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Microsoft speaks poop to power

Sometimes, power goes out, data centers go down, and people get annoyed. Now Microsoft is building a more reliable data center, powered by the byproducts of life.

Power to the people from the people? Windsor Adams/Flickr (with permission)

The more data centers are built, the more power is consumed.

The more power is consumed, the more people rely on that power.

The more we rely on the grid, the more chance there is, perhaps, that something will go wrong.

The more we become reliant on the cloud, such a calamitywill annoy more people who are desperate to, um, watch Netflix or stare at Instagram.

Microsoft doesn't want to risk taking any verbal dung from you on such matters, so it announced today that it is building a data center powered by, well, waste matter.

Yes, your Microsoft cloud uploads could soon be powered by your own personal downloads.

Microsoft's pilot project is in Wyoming, where men are men and restrooms are redundant.

At the Dry Creek Water Reclamation Facility in Cheyenne, Microsoft believes it can capture "natural bi-products like biogas directly from wastewater treatment plants, agricultural farms, fuel refineries, and waste landfill sites, etc."

The company is confident that it can enjoy the successful collection, treatment, and consumption of biogas to create a beautiful carbon-neutral data center.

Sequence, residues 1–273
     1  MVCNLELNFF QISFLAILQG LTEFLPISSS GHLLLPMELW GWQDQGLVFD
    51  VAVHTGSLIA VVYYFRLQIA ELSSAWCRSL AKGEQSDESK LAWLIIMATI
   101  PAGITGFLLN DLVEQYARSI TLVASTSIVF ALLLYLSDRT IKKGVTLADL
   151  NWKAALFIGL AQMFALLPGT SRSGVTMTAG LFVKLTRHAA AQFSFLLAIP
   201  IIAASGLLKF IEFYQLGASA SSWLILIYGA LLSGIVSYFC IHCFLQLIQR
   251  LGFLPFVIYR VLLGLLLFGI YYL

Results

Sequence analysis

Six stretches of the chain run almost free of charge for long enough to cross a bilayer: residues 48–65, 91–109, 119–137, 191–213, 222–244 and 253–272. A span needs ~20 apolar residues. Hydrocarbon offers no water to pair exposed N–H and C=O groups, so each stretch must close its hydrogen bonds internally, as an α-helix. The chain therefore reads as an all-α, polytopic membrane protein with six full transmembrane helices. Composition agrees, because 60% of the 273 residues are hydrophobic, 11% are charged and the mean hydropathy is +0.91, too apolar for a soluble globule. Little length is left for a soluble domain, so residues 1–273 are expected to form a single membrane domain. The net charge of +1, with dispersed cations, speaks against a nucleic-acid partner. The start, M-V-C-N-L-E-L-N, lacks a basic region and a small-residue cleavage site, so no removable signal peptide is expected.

Its project is known as the Data Plant.

Helpfully, Microsoft's announcement was accompanied by some fine answers to questions that might cross the mind of simple humans like myself.

The company believes that wastewater plants are a kindred spirit to data centers.

These are things that just can't go wrong. Or, in Microsoft's words, they are "mission critical facilities with high availability infrastructure built into the plant."

What is new, Redmond feels, is "the collection, treatment, and consumption of biogas at the source," lessening the need for filtration and pipelines. Yes, the plant and the data center will be next to each other.

Self-sufficiency would seem to be a very fine goal. If this project proves to be successful, the next place for the technology to be used is surely Congress.

I have a feeling that the whole of the East Coast could be powered by the waste matter that is so regularly produced there.